Automation in Action: A Guide to Rule-Based Automated Tasks for IT Professionals

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Automation in Action: A Guide to Rule-Based Automated Tasks for IT Professionals

Although Rule-Based Automation (RBA) started in the 1950s, it has laid the groundwork for generative AI, industrial automation, and machine learning. RBA holds immense potential and continues to add value to current technical infrastructures.  

Do you want to gain a deeper insight into how it works and how to implement rule-based automated tasks? Let’s get started. 


What Is Rule-Based Automation? 

RBA enables programmers to predefine rules that trigger responses as events occur if the conditions in those rules are met. The decisions made on these predefined if/then statements allow users to automate business processes. Such automation reduces human input for recurring or similar tasks by incorporating logic into the structure.  

Rule-based automation is common in healthcare, banking, and security. RBA is used over knowledgebase and machine learning or in places where accuracy, speed, predictability, and flexibility are key requirements. 


Where Is RBA Today? 

Since its inception, RBA has evolved dramatically and has been utilized in every facet of life. This includes IoT devices, phone screen settings, social media, banking applications, eCommerce, and business operations.  

RBA is becoming more relevant today as companies look for ways to jump on the automation and intelligence bandwagon. On the other hand, there is no surprise since RBA solutions are one of the quickest ways to optimize workflows and redistribute business resources efficiently.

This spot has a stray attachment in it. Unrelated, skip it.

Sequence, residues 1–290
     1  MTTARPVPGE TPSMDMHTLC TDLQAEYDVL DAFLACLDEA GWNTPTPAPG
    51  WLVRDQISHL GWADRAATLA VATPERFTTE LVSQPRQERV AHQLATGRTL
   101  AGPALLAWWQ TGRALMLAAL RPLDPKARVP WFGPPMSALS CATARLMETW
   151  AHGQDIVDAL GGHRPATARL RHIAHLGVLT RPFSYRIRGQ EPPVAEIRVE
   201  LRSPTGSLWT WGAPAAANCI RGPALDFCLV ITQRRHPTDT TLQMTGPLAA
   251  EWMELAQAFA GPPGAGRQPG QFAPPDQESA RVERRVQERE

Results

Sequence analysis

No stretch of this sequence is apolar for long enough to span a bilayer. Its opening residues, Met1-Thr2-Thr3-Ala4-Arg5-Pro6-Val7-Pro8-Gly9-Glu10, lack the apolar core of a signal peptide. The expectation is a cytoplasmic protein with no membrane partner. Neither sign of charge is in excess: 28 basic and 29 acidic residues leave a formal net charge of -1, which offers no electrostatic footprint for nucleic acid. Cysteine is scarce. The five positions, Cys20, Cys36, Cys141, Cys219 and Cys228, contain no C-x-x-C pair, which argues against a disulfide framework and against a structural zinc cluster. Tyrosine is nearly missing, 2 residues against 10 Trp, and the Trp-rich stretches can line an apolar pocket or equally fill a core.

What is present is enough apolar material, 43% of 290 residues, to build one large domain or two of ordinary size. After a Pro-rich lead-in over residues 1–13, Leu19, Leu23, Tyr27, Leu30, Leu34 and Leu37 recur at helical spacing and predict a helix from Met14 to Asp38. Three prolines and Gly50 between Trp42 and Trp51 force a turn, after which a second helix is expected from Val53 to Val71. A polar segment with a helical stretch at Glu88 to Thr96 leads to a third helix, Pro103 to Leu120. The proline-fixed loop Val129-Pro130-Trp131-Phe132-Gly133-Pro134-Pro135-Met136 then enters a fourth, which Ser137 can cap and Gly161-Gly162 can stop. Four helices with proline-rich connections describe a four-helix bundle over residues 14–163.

Related Article: Adapting to Automation: Thriving in the Changing IT Landscape 


What Makes RBA Useful?

Automation engineering sounds daunting if you are new at it, but it is as simple as low-fidelity code. You can create your own systems with proper planning, tools, and logical understanding. You can experiment with micro-tasks or start with one logic at a time.  

If you want to advance your career in tech, it would be best to learn more skills and expand your expertise. Here are some examples of how RBA can improve processes: 


1. Resource Optimization 

One major benefit of RBA is boosting operational efficiency. IT professionals can use it to reduce manual effort and human error, improving completion time. By automating menial tasks, professionals can spend their time on more strategic work. 

Automating repetitive and time-consuming tasks can improve company agility. Adopting RBA effectively can improve innovation and company growth.  

Related Article: Tech Industry Highlights: Mergers, Acquisitions, and Major Players of 2023 


2. Reliability Through Speed and Accuracy 

Whether your RBA has hundreds or thousands of rules, it will be much faster than other AI forms. This is caused by rules forming a filter that moves the variables without requiring external input or engineering. RBA is not connected to big data, is not actively trying to improve itself automatically, and does not rely on external sources of information, making it more robust and reliable.  

RBA is based on core values fed into it during its programming. By relying on core logic, RBA is much more responsive and accurate, reducing errors, discrepancies, and compliance violations.  

Related Article: Cybersecurity Challenges in the Age of Generative AI and Cloud: Insights from Wipro’s 2023 Report 


3. Flexibility 

While RBA does not necessarily learn from external factors, it’s still moldable. The rules can be iterated, scaled up or down, and adjusted according to the user’s specific and changing needs. 

By having a clear understanding of RBA, you can improve its existing solutions and make it more robust and effective. Aside from that, you can combine it with RPA (Robotic Process Automation) to enhance its capacities, should the need for advanced machine learning capabilities arise.1 


Applying Rule-Based Automation